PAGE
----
County Chief of Projects Bill Fritz talks with Albemarle residents at an open house Tuesday

Although Albemarle County has regulated building on steep slopes since 1980, county officials said nearly every request for a waiver to disturb the land has been approved.

In an effort to streamline development in the county’s urban area, an ordinance is proposed that would eliminate the need for waivers, but better protect critical slopes, county staff said.

“Today, if you have a hillside with a 25-percent grade on your property, you can’t build on it unless you pay a fee, apply for a special exception, and receive approval from the Board of Supervisors,” Bill Fritz, county chief of projects, explained to county residents at an open house Tuesday.

Under the new ordinance, slopes would be classified as either “managed” or “preserved.” Slopes that are man-made, have been disturbed in the past, or are located in single family residential lots would be designated as managed, Fritz said. Slopes that are natural or close to bodies of water would more likely be classified preserved.

Residents could build on slopes in the first group without permission within guidelines. Building on preserved slopes, however, would become more difficult.

“You could only build in preserved areas if you got a rezoning or a variance from the Board of Zoning Appeals,” Fritz said. “This better protects slopes that really do need our protection.”

More than a hundred Albemarle residents turned out for the open house. They pored over county maps showing the preserved slopes in green and managed ones in tan.

“I came because I got a card in the mail, and I was concerned I would have to do something to preserve the slopes in my yard,” said Sam Manickam, whose Forest Lakes property had only managed slopes. “Now I feel relieved. This is not critical after all.”

County staff sent out 7,500 notices and spoke with more than 350 people about the ordinance in the weeks leading up to the open house.

“I am very glad we could give people the chance to participate,” Fritz said. “The comments have generally been positive.”

Several members of the public addressed the commission during the meeting to voice concerns and offer recommendations.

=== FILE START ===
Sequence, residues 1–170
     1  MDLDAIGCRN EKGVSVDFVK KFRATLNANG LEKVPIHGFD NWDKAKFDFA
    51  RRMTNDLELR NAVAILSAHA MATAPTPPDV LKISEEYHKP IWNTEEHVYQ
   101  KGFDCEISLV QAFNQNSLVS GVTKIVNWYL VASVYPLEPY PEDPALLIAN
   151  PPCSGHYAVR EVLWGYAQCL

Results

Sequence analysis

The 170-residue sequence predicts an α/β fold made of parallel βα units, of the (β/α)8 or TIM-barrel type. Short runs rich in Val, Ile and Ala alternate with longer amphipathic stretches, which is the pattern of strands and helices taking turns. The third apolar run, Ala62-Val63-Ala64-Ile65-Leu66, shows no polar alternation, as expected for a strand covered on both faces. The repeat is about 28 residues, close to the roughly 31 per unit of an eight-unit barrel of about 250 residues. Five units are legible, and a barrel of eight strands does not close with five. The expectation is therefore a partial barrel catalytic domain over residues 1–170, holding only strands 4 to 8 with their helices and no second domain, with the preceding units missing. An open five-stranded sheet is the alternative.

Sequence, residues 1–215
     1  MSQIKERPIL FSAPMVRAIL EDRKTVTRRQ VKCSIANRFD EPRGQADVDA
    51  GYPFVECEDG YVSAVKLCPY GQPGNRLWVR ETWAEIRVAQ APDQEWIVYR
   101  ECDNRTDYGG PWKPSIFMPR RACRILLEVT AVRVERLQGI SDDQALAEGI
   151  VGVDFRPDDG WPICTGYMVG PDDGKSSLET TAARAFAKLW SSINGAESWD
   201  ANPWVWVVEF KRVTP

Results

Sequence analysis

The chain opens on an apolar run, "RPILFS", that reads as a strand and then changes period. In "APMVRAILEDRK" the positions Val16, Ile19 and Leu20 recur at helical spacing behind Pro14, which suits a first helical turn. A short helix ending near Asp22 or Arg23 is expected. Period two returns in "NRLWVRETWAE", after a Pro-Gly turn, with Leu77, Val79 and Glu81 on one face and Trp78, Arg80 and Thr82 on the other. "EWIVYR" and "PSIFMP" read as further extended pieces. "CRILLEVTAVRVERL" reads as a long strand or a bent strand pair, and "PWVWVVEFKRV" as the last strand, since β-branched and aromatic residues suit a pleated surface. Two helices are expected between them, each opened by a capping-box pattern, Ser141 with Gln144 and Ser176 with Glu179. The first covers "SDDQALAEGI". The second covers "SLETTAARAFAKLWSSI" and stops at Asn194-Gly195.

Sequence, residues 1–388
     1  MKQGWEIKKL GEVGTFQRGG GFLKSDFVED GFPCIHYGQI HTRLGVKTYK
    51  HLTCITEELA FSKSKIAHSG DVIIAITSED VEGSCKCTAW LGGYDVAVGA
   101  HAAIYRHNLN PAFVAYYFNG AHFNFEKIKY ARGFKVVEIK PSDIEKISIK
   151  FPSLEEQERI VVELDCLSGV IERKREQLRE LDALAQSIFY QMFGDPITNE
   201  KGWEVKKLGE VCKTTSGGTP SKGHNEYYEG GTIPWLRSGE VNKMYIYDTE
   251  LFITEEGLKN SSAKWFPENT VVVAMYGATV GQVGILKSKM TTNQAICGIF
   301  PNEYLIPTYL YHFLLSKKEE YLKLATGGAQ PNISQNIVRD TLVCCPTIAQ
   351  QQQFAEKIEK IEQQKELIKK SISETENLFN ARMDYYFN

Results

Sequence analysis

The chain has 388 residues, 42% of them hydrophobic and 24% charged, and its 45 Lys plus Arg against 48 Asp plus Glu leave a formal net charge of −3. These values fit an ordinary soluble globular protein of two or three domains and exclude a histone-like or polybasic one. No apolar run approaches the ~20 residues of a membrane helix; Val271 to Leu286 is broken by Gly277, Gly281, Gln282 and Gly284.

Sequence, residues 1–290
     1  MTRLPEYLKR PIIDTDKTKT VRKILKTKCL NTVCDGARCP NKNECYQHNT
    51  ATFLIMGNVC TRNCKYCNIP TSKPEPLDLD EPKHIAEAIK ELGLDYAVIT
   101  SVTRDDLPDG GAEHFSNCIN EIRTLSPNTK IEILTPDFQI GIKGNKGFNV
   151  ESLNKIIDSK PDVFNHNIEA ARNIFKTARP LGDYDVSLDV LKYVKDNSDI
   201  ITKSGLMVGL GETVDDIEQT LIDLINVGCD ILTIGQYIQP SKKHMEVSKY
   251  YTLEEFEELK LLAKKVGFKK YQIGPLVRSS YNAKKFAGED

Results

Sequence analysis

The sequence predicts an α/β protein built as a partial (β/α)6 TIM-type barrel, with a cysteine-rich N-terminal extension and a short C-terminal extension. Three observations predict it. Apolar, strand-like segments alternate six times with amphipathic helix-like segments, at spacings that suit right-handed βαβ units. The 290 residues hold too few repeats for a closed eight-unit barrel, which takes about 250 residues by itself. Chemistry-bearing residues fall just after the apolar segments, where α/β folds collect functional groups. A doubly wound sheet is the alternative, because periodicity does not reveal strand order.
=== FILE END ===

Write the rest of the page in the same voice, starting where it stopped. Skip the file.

“On the whole, the ordinance proposal is very positive,” said Valerie Long, an attorney for Williams Mullen and chairwoman of Charlottesville Regional Chamber of Commerce. “It definitely streamlines the process and provides some certainty to landowners and [developers] about what is expected.”

But, Long cautioned, the commission should take care not to impose new burdens on builders whose development plans had already been approved.

“The slope disturbance on any property that is the subject of an approved application …  should be permitted, regardless of whether it subsequently shows up on the map as a preserved slope,” Long said.

Another attorney, Morgan Butler of the Southern Environmental Law Center, disagreed.

“I believe the Board of Supervisors has approved several developments knowing that they would need to get a critical slopes waiver,” Butler said. Therefore, he felt, it would be dangerous to assume that the board intended all planned slope disturbances to go forward.

A third speaker suggested it might be better to do away with the slopes ordinance altogether.

“What exactly are you getting by doing all of this work that’s better or different than state environmental regulations?” asked Neil Williamson, president of the Free Enterprise Forum.

“If this ordinance is about growth management control … it would be refreshing if that were said,” Williamson added.

The planning commissioners raised chiefly administrative concerns regarding the proposal. A draft of the ordinance reflecting their comments and the public’s input could be subject to public hearing as early as next month.